Recycle Your Real Christmas Trees
For those of you who decorate with real Christmas trees during the holidays, did you know you have a valuable conservation asset that can have a positive impact well beyond the holidays?
By “recycling” your real Christmas trees through the annual Christmas tree collection program, area residents can improve fish habitat in the City’s lakes in the Recreation Complex and R.S. Matthews Park, and the Corps of Engineers’ Lake Wappapello.
The City of Sikeston Park Division, with assistance from Pullen Brothers, Inc., is collecting real Christmas trees again this year for use as fish shelters in the City’s two public fishing lakes and at Lake Wappapello.
Beginning Wednesday, December 26 and continuing through Wednesday, January 9, local residents may take their real Christmas trees to the designated collection site on Airport Drive behind the old Chamber of Commerce building. On Thursday, January 10, Park Division employees will load the trees collected on to a trailer provided by Pullen Brothers, Inc. for transport to the Corps of Engineers at Lake Wappapello. If enough trees are collected, a portion of the trees will be taken to the City’s two lakes in the Recreation Complex and R.S. Matthews Park where they will be bundled in small groups to be submerged in the lakes for fish shelters. The past four years response from the public has been down with not enough trees being collected to create fish shelters for all the lakes. Area residents are encouraged to continue their support of this conservation effort to continue to improve fishing conditions in the area’s lakes. For more information on the Christmas tree drop-off site and program, contact Jiggs Moore at 475-3725.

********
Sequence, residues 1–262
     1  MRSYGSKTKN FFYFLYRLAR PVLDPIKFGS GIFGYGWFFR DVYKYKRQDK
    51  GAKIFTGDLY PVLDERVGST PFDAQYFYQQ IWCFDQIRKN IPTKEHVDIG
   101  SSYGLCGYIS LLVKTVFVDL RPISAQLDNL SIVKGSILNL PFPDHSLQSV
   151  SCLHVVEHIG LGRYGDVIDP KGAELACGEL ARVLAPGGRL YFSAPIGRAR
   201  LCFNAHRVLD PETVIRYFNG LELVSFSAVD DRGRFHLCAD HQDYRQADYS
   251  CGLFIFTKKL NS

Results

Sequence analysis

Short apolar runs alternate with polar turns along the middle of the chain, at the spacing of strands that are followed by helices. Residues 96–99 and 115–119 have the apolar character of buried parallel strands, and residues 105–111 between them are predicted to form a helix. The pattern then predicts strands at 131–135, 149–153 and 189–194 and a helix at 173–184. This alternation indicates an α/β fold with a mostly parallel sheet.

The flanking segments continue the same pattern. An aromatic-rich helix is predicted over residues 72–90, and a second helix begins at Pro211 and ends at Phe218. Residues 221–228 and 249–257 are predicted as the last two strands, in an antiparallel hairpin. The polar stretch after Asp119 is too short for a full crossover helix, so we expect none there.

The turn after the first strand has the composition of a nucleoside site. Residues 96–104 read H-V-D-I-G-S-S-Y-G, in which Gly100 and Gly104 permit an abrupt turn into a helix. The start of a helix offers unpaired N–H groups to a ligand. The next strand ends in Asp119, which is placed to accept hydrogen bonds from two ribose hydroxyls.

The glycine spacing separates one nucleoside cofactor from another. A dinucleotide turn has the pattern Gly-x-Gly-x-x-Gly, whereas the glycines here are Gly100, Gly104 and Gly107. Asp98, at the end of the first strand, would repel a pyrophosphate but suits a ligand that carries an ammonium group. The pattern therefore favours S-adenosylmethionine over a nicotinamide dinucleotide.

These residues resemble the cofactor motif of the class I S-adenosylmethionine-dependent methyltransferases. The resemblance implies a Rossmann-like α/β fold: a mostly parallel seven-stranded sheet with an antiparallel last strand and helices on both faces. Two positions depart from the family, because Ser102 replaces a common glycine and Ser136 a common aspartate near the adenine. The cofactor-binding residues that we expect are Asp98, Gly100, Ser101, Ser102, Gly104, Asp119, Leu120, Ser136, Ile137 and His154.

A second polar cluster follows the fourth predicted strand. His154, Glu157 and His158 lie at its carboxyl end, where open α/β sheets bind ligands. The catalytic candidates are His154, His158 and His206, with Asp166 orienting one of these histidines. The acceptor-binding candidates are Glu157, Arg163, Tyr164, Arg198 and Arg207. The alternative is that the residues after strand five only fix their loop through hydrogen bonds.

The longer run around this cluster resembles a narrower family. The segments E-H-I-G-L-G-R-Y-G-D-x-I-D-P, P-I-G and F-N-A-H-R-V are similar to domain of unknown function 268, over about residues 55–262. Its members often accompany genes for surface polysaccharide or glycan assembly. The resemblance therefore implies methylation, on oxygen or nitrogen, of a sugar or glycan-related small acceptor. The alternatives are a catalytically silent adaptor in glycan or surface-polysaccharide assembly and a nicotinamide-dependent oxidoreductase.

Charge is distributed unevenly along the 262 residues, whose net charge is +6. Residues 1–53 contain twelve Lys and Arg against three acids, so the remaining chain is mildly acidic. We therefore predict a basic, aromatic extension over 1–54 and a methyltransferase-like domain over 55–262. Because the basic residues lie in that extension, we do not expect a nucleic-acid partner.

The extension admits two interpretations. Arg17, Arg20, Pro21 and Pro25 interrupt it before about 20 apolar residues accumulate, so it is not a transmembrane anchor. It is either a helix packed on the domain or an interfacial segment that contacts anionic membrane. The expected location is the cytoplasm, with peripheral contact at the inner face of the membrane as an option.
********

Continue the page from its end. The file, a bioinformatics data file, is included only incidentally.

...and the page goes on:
The fish shelter program affords area residents an opportunity to dispose of their real Christmas trees in an ecologically sound manner, and at the same time enhance fishing opportunities for fishermen at our local lakes. The shelters created by the submerged bundles of Christmas trees provide fish with breeding areas and resting places. They also provide young fish safe living space where they can feed without being preyed upon by larger fish. With this protective environment, fish have a better chance to grow to maturity and provide a good fishing experience for anglers. New trees are added to selected shelters each year to maintain their usefulness as cover.